Popular nutritional supplement no substitute for old-fashioned hard work, study says
FRIDAY, Aug. 1 (HealthDay News) -- Taking creatine doesn't improve exercise outcomes in people who have chronic obstructive pulmonary disease (COPD), a U.K. study reports.
Creatine is a popular nutritional supplement used to enhance athletic performance and muscle strength. This study included 100 COPD patients who received either creatine or a placebo during a seven-week pulmonary rehabilitation program.
Of the 80 patients who completed the study, there were no differences in muscle strength between those who took creatine and those who got the placebo. Any benefits of creatine may have been overshadowed by the effects of physical training, the researchers suggested.
"We have evidence to suggest Cr [creatine] uptake into muscles (in COPD patients), but are unable to explain why an increase in muscle Cr did not enhance training," wrote study lead author Dr. Sarah Deacon, specialist registrar at the Institute for Lung Health at Glenfield Hospital in Leicester, England.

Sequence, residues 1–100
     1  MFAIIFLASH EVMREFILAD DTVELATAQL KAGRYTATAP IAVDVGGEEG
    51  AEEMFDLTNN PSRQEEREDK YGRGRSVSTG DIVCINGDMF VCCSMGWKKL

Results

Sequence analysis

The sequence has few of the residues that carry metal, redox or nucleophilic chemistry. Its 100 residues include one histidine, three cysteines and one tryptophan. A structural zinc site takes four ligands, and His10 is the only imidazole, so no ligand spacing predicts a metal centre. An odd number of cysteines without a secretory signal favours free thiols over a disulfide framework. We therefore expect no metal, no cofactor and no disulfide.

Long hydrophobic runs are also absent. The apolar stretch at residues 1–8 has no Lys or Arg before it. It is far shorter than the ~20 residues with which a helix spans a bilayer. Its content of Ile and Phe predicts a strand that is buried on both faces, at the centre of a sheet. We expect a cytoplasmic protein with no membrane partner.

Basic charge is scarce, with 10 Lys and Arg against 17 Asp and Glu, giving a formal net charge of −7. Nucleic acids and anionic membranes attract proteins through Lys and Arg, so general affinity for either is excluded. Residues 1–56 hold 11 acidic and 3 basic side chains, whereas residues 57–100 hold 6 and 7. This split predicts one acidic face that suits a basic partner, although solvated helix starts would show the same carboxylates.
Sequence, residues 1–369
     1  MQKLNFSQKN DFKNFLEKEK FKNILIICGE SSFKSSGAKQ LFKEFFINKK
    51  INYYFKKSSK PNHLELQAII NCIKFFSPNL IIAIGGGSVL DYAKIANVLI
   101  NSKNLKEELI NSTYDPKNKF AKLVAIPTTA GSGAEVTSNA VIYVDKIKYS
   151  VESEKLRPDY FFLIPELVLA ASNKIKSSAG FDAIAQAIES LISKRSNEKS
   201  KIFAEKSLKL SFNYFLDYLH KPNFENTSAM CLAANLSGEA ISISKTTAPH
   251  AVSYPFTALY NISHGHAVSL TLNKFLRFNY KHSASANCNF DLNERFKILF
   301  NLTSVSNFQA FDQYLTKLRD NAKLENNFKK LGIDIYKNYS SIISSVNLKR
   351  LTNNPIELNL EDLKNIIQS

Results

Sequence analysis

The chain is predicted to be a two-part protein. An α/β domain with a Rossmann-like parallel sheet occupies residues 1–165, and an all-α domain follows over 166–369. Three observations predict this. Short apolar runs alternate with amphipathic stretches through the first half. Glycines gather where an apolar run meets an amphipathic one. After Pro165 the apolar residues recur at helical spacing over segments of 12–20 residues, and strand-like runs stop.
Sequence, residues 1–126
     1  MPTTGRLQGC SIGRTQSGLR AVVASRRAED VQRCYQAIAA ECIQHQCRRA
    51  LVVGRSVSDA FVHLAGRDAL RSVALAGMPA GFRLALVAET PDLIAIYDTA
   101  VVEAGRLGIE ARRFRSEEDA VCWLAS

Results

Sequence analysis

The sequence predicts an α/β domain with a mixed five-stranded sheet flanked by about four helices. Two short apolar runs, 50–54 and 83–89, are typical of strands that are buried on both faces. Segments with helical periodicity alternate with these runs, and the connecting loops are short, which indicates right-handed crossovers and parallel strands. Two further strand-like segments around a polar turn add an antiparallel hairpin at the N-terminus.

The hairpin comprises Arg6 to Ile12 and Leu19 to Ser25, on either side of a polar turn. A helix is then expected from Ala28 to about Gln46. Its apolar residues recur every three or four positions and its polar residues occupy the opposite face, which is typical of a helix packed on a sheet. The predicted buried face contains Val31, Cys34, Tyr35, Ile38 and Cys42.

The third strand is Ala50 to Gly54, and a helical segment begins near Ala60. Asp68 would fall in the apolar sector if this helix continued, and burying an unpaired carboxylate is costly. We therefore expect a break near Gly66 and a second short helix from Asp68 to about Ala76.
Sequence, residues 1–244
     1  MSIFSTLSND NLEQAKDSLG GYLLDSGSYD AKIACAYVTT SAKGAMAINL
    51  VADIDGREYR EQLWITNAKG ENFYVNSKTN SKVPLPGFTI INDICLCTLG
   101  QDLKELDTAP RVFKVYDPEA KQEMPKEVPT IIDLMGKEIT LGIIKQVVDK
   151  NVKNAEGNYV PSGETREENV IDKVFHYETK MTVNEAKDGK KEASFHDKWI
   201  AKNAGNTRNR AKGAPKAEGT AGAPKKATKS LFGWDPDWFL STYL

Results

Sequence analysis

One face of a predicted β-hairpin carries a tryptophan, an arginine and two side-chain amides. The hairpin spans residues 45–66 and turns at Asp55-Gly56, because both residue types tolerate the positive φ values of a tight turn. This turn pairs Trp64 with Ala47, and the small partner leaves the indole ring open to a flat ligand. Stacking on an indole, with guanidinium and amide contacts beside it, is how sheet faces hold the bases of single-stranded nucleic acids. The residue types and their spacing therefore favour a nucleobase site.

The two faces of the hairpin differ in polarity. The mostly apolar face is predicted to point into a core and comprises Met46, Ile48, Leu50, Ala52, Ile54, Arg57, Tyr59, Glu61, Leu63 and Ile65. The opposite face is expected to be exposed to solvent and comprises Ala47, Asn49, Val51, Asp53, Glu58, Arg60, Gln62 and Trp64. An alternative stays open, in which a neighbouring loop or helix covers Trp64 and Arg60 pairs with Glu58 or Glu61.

The study was published in the first August issue of the American Journal of Respiratory and Critical Care Medicine.
The findings suggest there's no substitute for the hard physical work that's an essential component of pulmonary rehabilitation.
"Those of us interested in pulmonary rehabilitation are happy to see confirmation of the beneficial effects of exercise training. This information indicates that creatine supplementation not be viewed as a substitute for exercise training," wrote Dr. Francoise Maltais and colleagues at the Centre de Recherche de l'Hospital Laval in Quebec, Canada.
The American Academy of Family Physicians has more about COPD.
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